Emma Siemasko is a freelancer writer and content marketing specialist at Grasshopper, the entrepreneur’s phone system. Emma recently completed JUMP: The Ultimate Guide to Starting and Growing a Business to help startup founders and employees get companies off the ground.


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  1. Rob Parker says:
    February 9, 2015 at 8:44 pm

    I completely agree. There have been too many instances in the last few years where content is written more for the search engines than real people. Write good quality content that adds value for your visitors and the search engines will follow!

    • February 10, 2015 at 9:15 am

      Exactly! Ironically, Google is saying this very thing, yet businesses keep writing search-engine-oriented fluff. Thanks for putting in your two cents.

  2. September 1, 2014 at 7:38 am

    Great post, Thanks for sharing dear.

    • Neil Patel says:
      September 1, 2014 at 1:31 pm

      Parmod, glad you found it helpful. Looking forward to hearing more from you 🙂

  3. Hampton says:
    May 24, 2014 at 4:12 am

    Very Good Post… thanks..

    • neil says:
      May 24, 2014 at 9:08 am

      Hampton, glad you liked it. Thanks for reading 🙂

  4. Naman says:
    May 5, 2014 at 1:28 am


    Nice information thanks for sharing.


    • May 5, 2014 at 10:11 am

      Your welcome, Naman. Thanks for stopping by.

    • neil says:
      May 5, 2014 at 3:09 pm

      Naman, glad we could help. Thanks for the feedback 🙂

  5. Dan Carter says:
    December 14, 2013 at 3:08 pm

    Very Nice Post ::) Thanks for posting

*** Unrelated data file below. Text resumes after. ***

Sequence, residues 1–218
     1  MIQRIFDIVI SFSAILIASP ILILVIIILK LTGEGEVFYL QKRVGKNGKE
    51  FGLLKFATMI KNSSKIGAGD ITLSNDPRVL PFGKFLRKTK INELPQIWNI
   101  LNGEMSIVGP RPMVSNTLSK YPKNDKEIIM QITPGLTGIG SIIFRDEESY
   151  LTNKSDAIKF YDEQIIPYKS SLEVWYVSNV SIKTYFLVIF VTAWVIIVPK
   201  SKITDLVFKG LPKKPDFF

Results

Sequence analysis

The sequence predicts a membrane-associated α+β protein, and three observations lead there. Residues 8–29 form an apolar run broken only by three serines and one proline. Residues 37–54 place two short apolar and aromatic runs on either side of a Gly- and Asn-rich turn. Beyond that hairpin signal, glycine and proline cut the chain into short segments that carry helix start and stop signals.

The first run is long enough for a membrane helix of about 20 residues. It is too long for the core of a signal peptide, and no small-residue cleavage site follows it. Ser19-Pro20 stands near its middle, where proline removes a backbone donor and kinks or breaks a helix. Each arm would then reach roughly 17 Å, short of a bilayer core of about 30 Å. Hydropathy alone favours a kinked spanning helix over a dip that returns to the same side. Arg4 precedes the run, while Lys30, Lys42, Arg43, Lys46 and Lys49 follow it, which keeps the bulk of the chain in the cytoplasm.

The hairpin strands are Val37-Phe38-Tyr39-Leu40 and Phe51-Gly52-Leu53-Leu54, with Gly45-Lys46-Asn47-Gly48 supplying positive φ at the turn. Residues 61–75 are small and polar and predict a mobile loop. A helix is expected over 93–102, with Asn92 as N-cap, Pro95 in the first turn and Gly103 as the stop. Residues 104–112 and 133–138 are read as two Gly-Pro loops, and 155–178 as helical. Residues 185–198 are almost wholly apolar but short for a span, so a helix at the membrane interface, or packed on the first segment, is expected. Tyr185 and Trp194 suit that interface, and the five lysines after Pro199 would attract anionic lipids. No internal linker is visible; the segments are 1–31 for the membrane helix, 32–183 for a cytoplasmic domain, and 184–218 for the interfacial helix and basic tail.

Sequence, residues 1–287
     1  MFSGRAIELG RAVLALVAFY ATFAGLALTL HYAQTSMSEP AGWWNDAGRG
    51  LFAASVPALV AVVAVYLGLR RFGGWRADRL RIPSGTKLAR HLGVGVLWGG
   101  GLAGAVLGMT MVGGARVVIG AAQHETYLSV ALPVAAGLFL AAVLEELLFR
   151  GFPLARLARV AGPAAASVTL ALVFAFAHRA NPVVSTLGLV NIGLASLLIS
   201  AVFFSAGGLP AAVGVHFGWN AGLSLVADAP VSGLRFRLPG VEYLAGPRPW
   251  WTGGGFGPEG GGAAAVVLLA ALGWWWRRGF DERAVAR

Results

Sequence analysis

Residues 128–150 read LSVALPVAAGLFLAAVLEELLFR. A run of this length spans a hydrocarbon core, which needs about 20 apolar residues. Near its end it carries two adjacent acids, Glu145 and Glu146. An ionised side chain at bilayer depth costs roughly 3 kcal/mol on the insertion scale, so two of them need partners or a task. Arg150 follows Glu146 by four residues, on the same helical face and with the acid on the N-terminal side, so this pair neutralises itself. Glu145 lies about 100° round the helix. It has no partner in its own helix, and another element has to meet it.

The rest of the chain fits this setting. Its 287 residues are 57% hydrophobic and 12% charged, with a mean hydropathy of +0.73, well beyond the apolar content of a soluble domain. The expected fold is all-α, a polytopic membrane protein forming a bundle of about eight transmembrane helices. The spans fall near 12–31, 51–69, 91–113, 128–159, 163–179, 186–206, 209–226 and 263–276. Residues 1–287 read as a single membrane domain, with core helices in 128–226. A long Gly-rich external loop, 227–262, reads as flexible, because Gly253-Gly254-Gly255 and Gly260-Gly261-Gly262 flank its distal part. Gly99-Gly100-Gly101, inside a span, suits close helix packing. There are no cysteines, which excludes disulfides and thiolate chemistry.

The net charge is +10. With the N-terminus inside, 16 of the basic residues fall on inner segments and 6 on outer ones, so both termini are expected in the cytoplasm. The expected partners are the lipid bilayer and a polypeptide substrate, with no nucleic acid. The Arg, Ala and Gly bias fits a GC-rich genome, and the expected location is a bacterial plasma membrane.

6. May 17, 2013 at 9:41 am

    Some great examples here Emma 🙂 I especially like the 500px page… so many times we need to be reminded to keep things simple.

    • May 17, 2013 at 9:59 am

      Hi Andy,

      I’m glad you liked the examples. I love that 500px page….what a creative way of displaying terms of service.


  7. Dan Hanks says:
    May 17, 2013 at 6:02 am

    Very cool post. Aligns with my way of thinking, but explains WHY I think like that. Which is usually the important bit! 😉 Much appreciated.

  8. sonesh says:
    May 14, 2013 at 3:47 am

    Nice article 🙂

    Thanks for Sharing

  9. April 21, 2013 at 9:39 am

    Great article – thanks!

  10. Damien says:
    April 17, 2013 at 9:21 pm

    Love your examples, Emma. So true about making the copy light and conversational. A lot of brands seem to feel like it needs to be stodgy and corporate because this is what they are “supposed” to sound like. The result makes a boring product or service even more boring!

    • Emma Siemasko says:
      April 18, 2013 at 2:24 pm

      Yep, I really believe in talking to people like they’re people, not robots. If brands act like they’re having a conversation to customers, they’ll feel warm inside.

  11. April 17, 2013 at 6:50 am

    You have some really great ideas here but most important is seeing examples of people pushing past traditional rules for web copy. Thanks

    • April 17, 2013 at 9:03 am

      Hi Tina, it’s totally true that using non-tradtional copy and pushing the boundaries can be really successful. If someone is surprised by copy, they’re bound to be curious. That could’ve been another point on this list.

  12. April 16, 2013 at 11:36 am

    Hi Sylvia,

    Thanks for reading! I’m so happy you enjoyed the post. Humor definitely keeps people reading :), especially when things are unsexy. Your comment made me smile, which I really needed this morning here in Boston. Have a happy Tuesday.


  13. Sylvie St-Amand says:
    April 16, 2013 at 10:37 am

    Hi Emma,
    I really enjoyed this article. I didn’t skim through it, I read the whole thing!! I am also a big believer in humour – always in a tasteful fashion, of course. Thanks for making me smile this morning.